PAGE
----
With several top-ranked hospitals for seniors, including Northwestern Memorial Hospital, which U.S. News and World Report ranks sixth in the nation, Illinois has a number of excellent options for older adults who are looking for a place to retire. Of the 12,830,632 people who live in Illinois, 16.1% are seniors aged 65 and older.

The Medicaid and CHIP program in Illinois is quite robust, and the state recently expanded its coverage for lower-income adults to cover more seniors. As of July 2020, Illinois had 3,018,195 individuals enrolled in Medicaid and CHIP. Illinois has approximately 1,200 long-term care facilities serving over 100,000 residents, many of whom are seniors. Nursing homes are long-term care facilities that provide seniors with round-the-clock nursing care when their medical needs require constant attention. According to the 2020 Genworth Cost of Care Survey, seniors in Illinois pay an average of $6,235 a month for nursing home care in a semi-private room and $7,026 for a private room.

This guide will present important information about paying for nursing home care, how to protect a senior’s rights in a nursing home and what resources are available to seniors in Illinois who need long-term care.

The Cost of Nursing Home Care in Illinois

The cost of nursing home care in a semiprivate room in Illinois is $6,235, according to the 2020 Genworth Cost of Care Survey. In Wisconsin to the north, seniors pay an average of $8,684 a month for the same type of room. Indiana, its neighbor to the east, has an average cost of $7,133. To the southeast in Kentucky, the average is $7,330. Iowa has a closer cost with an average of $6,570. Missouri is the only neighboring state with a lower cost, averaging $5,080. All of these except for Wisconsin are lower than the national average of $7,756.

$6235

Illinois

$7756

The United States

$5080

Missouri

$6570

Missouri

$7133

Indiana

$7330

Kentucky

$8684

Wisconsin

Within the state of Illinois, which has a statewide average cost for nursing home care of $6,235, costs can vary from one city to the next. In Chicago, the state’s largest metro area, seniors pay an average of $8,076, yet in Rockford near the Wisconsin border, they pay just $5,825. Champaign shares a similar cost at $5,901. Decatur seniors pay an average of $6,388, while those in the southern part of the state in Carbondale pay $5,232. In the state capital of Springfield, seniors pay $6,996 a month for nursing home care. In the Danville area on the east side of the state, the cost is slightly less at $6,874. 

$6235

Illinois

$5232

Carbondale

$5825

Rockford

$5901

Champaign

$6388

Decatur

$6874

Danville

$6996

Springfield

$8076

Chicago

While a semiprivate room costs an average of $6,235 and private rooms cost an average of $7,026 in Illinois, seniors who do not need round-the-clock nursing care may choose another care type. For assisted living care in Illinois, the average monthly cost is $4,575. Seniors who live at home but need some basic home care pay $4,767 a month on average. For the services of a home health care professional, seniors should expect to pay around $4,862. Seniors who go to an adult day care facility pay around $1,636.

$6235

Nursing Home Semi-Private Room

$7026

Nursing Home Private Room

$4575

Assisted Living

$4767

Home Care

$4862

Home Health Care

$1636

Adult Day Care

Financial Assistance for Nursing Home Care in Illinois

Most people do not pay for skilled nursing care entirely out of pocket. Rather, they utilize financial assistance programs to help cover the cost of nursing care. Medicaid provides the most comprehensive coverage for nursing home care, but not all seniors are eligible for Medicaid. Because each state operates its own Medicaid program within federal guidelines, eligibility and benefits vary from state to state. Below, we provide more information on Medicaid in Illinois.

Illinois’s Medicaid Program

Illinois currently has 3,018,195 people enrolled in Medicaid and CHIP as of July 2020. Of those, approximately 55,000 individuals are using Medicaid to pay for long-term care in a nursing home, and 738 of the state’s approximately 1,200 nursing homes and long-term care facilities are licensed to receive Medicaid payments. Illinois Medicaid coverage for seniors in long-term care facilities is called Aid to Aged, Blind and Disabled Medical (AABD Medical).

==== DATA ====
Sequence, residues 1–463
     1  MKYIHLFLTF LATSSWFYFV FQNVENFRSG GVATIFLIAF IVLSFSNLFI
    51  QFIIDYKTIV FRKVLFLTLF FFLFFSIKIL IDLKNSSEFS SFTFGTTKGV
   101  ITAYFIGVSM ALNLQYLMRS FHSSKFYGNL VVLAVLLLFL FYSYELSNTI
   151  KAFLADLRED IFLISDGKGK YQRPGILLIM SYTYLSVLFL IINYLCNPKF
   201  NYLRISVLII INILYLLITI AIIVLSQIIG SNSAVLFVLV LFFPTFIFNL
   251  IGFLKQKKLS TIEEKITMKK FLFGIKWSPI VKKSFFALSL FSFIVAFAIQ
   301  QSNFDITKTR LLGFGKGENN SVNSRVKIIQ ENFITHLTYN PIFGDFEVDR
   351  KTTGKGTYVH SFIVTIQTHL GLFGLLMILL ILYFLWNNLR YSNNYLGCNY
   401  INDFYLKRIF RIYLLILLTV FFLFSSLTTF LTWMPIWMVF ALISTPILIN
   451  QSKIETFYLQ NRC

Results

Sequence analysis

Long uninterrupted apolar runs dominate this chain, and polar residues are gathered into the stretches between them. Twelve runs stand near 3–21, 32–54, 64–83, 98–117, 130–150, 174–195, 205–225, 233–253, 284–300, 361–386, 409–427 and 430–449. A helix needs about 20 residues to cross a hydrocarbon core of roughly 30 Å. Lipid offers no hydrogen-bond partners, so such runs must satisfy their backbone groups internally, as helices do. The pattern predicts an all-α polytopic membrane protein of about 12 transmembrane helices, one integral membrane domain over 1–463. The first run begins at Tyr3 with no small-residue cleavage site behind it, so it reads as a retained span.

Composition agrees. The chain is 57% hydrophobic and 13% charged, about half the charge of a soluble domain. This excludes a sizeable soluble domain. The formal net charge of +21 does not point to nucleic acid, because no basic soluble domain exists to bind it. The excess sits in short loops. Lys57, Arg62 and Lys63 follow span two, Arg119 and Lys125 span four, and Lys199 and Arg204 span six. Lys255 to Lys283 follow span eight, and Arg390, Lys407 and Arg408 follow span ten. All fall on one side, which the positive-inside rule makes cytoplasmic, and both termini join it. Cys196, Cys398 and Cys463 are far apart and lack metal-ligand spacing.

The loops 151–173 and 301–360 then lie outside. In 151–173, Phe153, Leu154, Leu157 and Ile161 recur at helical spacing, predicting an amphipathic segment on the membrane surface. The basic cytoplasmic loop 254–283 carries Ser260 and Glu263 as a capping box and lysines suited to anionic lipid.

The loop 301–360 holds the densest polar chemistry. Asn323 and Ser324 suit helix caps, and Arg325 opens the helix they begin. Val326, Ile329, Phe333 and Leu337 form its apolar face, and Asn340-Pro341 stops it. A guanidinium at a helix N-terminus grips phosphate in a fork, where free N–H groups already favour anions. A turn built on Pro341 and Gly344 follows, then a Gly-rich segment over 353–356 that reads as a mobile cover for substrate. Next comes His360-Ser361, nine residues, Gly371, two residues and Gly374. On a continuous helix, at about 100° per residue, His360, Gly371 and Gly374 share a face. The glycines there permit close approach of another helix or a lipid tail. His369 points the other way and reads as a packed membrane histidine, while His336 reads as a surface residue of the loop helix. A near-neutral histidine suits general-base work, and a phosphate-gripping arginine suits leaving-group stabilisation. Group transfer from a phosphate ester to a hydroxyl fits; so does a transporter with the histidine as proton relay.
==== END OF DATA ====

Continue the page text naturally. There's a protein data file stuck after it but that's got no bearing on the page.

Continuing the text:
Under the Department of Healthcare and Family Services, seniors who have AABD Medical can get help to pay for the cost of long-term nursing home services for those who apply for medical benefits through the Department of Human Services and receive a screening through the Department of Aging. If the DoA determines that long-term care is medically needed, and the individual meets the income and asset limits for Medicaid, they can get approval to pay for their nursing home care. Nursing home care is considered medically necessary if the individual cannot safely live without round-the-clock medical care from a skilled nurse. Custodial nursing care, such as help with activities of daily living or transferring assistance, is not considered medically necessary and is not covered under AABD Medical.

Medicaid Eligibility in Illinois

To qualify for AABD Medical, seniors must meet specific income and asset qualifications. Qualifying seniors must make at or below the Federal Poverty Level, which in April of 2020 was $1,063 a month for an individual. They can have no more than $2,000 in assets. It is possible for some seniors to be eligible for Medicaid services through the Medicaid Spenddown Program if they are over this income limit but have high medical bills. Finally, these programs are available to Illinois residents who are U.S. citizens or legal residents.

Seniors can apply online through the IDHS website.

Alternative Financial Assistance Options

  • Medicare: Medicare will cover the cost of one’s care in a skilled nursing facility for the first 20 days of their stay, and a portion of the costs up until day 100. After 100 days, the individual is responsible for all costs. Seniors must also have a “qualifying hospital stay” of at least 3 days prior to their admission to a nursing home in order to qualify for Medicare coverage.
  • Aid and Attendance: Veterans who receive a VA pension may also be eligible for the Aid and Attendance benefit, a monthly cash allowance that veterans receive in addition to their standard pension amount. The benefit is intended for veterans in need of long-term care services and may be used towards paying for skilled nursing care.
  • Reverse Mortgages: If you own a home, you may be able to use a reverse mortgage to help pay for nursing care. Reverse mortgages are loans that one can take out against the value of their home, essentially converting some of the home’s equity into cash. This type of funding can be especially useful for married couples when only one partner needs nursing care, as the other residents of the home may continue living there. Reverse mortgage loans do need to be repaid with interest, typically within 12 months of receiving the loan.